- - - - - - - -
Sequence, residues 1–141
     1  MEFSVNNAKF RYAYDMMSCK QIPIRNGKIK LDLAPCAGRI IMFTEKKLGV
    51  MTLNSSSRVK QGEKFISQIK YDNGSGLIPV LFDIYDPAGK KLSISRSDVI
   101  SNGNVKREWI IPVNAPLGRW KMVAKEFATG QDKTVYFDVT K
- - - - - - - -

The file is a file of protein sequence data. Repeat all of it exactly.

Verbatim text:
Sequence, residues 1–141
     1  MEFSVNNAKF RYAYDMMSCK QIPIRNGKIK LDLAPCAGRI IMFTEKKLGV
    51  MTLNSSSRVK QGEKFISQIK YDNGSGLIPV LFDIYDPAGK KLSISRSDVI
   101  SNGNVKREWI IPVNAPLGRW KMVAKEFATG QDKTVYFDVT K